Mind Your Abbreviations
One company vice president opted for a minivan rather than an executive-level vehicle. The VP chose a minivan with the XLT trim level.
The vehicle was factory-ordered and the VP frequently contacted the fleet manager to check the status of the van. He apparently wanted to use the minivan on an upcoming vacation. Fortunately, the van arrived before the exec's planned vacation.
Once the VP arrived at the dealership, he called the fleet manager to inform him he was refusing delivery of the vehicle because it was not correct.
The fleet manager compared the invoice to the order requisition from the driver. The information was identical. The fleet manager contacted the VP and told him the paperwork indicated the vehicle was delivered as ordered.
Asked what the problem was, the VP stated, "I ordered a van with extra-large tires. This one does not have the extra-large tires."
The fleet manager reviewed his request again and, failing to find any such request, faxed the VP a copy of the original order form. The VP called back and told the fleet manager it was plainly stated on his order - XLT, or according to the VP, "Xtra-Large Tires."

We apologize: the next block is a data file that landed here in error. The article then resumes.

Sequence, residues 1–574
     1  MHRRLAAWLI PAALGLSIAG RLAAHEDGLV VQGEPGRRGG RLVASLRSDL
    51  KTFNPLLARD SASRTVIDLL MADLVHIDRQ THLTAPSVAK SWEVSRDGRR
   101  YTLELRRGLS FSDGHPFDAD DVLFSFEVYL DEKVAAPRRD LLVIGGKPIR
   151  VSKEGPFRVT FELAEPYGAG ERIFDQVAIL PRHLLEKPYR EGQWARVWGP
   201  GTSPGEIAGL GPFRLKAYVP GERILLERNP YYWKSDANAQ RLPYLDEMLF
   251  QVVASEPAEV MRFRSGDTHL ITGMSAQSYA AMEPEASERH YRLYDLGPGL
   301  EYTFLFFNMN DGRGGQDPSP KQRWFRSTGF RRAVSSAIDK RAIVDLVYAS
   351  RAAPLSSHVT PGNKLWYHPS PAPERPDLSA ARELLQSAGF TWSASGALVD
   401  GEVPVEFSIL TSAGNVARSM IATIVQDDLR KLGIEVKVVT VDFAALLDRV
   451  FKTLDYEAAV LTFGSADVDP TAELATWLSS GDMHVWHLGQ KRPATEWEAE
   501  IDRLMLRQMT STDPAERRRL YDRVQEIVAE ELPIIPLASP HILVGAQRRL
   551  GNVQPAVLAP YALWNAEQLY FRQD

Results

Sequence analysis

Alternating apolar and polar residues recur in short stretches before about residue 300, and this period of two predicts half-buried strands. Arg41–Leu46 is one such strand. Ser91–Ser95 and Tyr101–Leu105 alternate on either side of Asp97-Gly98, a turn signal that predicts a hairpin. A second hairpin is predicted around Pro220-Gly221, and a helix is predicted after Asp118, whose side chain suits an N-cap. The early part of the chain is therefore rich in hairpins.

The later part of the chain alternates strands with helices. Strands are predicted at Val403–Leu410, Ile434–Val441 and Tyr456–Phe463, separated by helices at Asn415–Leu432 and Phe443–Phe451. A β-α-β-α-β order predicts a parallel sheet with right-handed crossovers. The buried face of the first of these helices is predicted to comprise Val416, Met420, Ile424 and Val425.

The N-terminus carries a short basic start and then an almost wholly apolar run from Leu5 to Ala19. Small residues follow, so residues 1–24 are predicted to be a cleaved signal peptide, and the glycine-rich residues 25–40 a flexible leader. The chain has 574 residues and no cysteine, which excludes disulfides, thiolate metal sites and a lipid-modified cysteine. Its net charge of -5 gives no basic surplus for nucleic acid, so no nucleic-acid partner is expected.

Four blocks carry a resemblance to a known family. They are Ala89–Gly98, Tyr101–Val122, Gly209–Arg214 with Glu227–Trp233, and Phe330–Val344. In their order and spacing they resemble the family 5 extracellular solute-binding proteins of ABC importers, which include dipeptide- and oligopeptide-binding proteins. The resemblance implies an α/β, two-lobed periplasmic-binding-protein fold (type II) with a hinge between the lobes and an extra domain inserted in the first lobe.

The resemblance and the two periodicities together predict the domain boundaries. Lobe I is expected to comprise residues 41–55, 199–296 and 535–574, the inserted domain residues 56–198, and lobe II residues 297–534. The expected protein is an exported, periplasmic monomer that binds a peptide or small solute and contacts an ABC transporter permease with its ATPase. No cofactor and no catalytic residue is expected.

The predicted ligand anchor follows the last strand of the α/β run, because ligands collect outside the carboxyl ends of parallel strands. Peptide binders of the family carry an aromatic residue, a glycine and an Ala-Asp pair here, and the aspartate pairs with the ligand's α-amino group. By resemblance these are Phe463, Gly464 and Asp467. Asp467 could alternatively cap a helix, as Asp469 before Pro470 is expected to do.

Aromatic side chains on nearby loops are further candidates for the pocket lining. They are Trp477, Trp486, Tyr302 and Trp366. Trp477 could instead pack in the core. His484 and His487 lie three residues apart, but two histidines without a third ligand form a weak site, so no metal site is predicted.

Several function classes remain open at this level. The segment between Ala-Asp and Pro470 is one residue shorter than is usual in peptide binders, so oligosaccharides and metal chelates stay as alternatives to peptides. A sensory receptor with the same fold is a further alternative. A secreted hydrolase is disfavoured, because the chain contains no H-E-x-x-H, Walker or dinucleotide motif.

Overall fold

Once he stopped laughing, the fleet manager explained "XLT" was a trim level and did not stand for extra-large tires. The vehicle went to a company regional fleet manager, and a new van with the extra-large tires the VP wanted was ordered - but not in time for his vacation.
With an increased emphasis on tracking and reporting "avoidable" accidents, drivers have become creative in avoiding being held responsible during accident investigations. For example, a meter reader backed out of a long, narrow driveway and scraped a tree, removing the passenger-side mirror. However, the investigation concluded the vehicle manufacturer had obviously used faulty adhesive when installing the mirror. The meter reader was not charged with an "avoidable" accident.